restricted access The Japanification of Children's Popular Culture: From Godzilla to Miyazaki (review)
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Reviewed by
Mark I. West, ed. The Japanification of Children's Popular Culture: From Godzilla to Miyazaki. Lanham, MD: Scarecrow P, 2009.

Mark West, editor of The Japanification of Children's Popular Culture: From Godzilla to Miyazaki, developed an interest in Japanese cultural production as a parent whose son was fascinated with My Neighbor Totoro, Pokémon, The Mighty Morphin Power Rangers, and other pervasive and uniquely Japanese mythologies. The Japanification of Children's Popular Culture, an edition of nineteen essays, grapples with this phenomenon and investigates why Japanese influence is omnipresent in children's popular culture. Its wide-ranging contributors provide critical reflections on cultural artifacts and contexts, and illuminate elements of Japanese culture not widely known in the United States.

In "Invasion of the Japanese Monsters: A Home-Front Report," West notes that his son enjoys Japanese monsters because, though they are every bit as powerful as American monsters, they are not all bad—due in part, he suggests, to the influence of Shintoism. In these imported myths, humans and monsters can form "non-adversarial relationships" (22) in which difference is advantageous. By comparison, American monsters are not so nuanced. They are always a threat to society and therefore need to be destroyed or domesticated (21). Productive difference is a subtext throughout the book, and an inescapable, more general subject that each contributor deals with uniquely through style and strategy.

In "North American Reactions to Yaoi," Antonia Levi examines the form of anime known as yaoi, or "gay male romances written by women for girls" (147). The Japanese audience for yaoi is primarily heterosexual, but its American fans are more often gay or bisexual. Levi contextualizes this difference in reception through a discussion of culturally accepted gay, lesbian, and cross-dressing episodes in Japanese history and linking these to the Japanese appreciation of yaoi. Embedded within her larger argument are multiple examples of recurring homosexual relationships in Japanese anime (including Sailor Moon and Robotech) that are routinely edited out of the American versions. Levi uses yaoi as a springboard to examine, for instance, North American audiences, feminism, and homo or queer sexuality.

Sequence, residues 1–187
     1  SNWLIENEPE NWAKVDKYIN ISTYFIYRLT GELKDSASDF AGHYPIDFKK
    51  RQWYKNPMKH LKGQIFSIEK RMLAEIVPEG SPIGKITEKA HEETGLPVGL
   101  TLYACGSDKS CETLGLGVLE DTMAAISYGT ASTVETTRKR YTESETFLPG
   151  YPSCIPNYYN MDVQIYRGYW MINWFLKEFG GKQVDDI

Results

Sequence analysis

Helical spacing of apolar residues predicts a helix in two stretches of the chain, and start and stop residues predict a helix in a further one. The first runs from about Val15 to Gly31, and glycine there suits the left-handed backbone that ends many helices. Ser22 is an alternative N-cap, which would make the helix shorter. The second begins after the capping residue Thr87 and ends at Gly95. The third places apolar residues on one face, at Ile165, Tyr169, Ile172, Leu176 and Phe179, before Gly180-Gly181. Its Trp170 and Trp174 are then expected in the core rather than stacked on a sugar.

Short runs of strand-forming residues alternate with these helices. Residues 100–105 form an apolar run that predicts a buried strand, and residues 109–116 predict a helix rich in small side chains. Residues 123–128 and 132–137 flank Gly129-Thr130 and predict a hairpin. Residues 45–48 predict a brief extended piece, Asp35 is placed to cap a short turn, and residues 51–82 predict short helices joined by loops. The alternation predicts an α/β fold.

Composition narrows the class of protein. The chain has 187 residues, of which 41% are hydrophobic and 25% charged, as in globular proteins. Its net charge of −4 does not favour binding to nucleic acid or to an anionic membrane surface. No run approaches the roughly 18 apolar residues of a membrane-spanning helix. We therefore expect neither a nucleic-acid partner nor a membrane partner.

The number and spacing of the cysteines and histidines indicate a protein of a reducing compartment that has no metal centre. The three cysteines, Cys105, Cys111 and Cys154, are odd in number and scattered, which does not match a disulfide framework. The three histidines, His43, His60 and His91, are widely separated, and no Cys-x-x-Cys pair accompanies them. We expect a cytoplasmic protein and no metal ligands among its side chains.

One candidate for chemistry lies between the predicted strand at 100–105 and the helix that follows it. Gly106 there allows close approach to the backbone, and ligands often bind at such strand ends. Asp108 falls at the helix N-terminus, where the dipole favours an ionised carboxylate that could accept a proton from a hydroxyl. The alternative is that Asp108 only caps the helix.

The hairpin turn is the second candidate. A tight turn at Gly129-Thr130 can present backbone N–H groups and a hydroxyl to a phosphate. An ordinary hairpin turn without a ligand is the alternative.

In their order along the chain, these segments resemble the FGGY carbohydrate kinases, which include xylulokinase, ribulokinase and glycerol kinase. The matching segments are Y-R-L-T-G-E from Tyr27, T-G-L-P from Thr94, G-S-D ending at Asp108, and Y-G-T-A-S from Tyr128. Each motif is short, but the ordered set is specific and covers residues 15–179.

Several of the essays are personal reflections. Bill Davis sets himself up as the "ugly American" dad, with the likely intention to provoke, in "How the Rising Ubiquity of All Things Japanese Ruined the National Pastime for One American Father." In "Two Worlds, United by Anime," Elizabeth Flynn, an "Army brat" with a Japanese native mother and American father (185–86) evokes her early years in Japan, watching children's television shows in what was at the time her native and sole language—Japanese. [End Page 119] Brent Allison's autobiographical "Interviews with Adolescent Anime Fans" is situated within critical theory, yet tells a suspenseful story about a self-proclaimed stereotypical anime fan at conventions (Allison himself) chatting with various teenagers and wondering, "What do these conversations say about their correspondents' relationship to Japanese culture, U.S. mainstream culture, and to each other?" (130). The account is humorous, and the conclusion a poignant reflection on issues including gender, class, age, and homophobia.

Two of the contributors are Japanese nationals, and their essays benefit from the disjunction between experiencing anime in Japan and re-experiencing the same films in the United States. Hiroaki Hatayama makes a case for "The Cross-Cultural Appeal of the Characters in Manga and Anime," which stems from his initial surprise at the popularity of anime in the United States. Rieko Okuhara answers her title question—"The Censorship of Japanese Anime in America: Do American Children Need to Be Protected from Dragon Ball?"—by detailing how the series Dragon Ball is re-inscribed for American television audiences. Editors for the American market delete instances of sex and violence, which eliminates the multigenerational appeal of the folkloric series. More important, editing out nudity leads to confusing, even sexist representations. For example, in the American version the urban teenager Bulma "suddenly appears hysterical . . . [and] frantic" toward her friend Goku, a kind of feral child-hero, while she is taking a bath. Viewers of the Japanese original know she is reacting to Goku's admission that he is 14 years old, though he...


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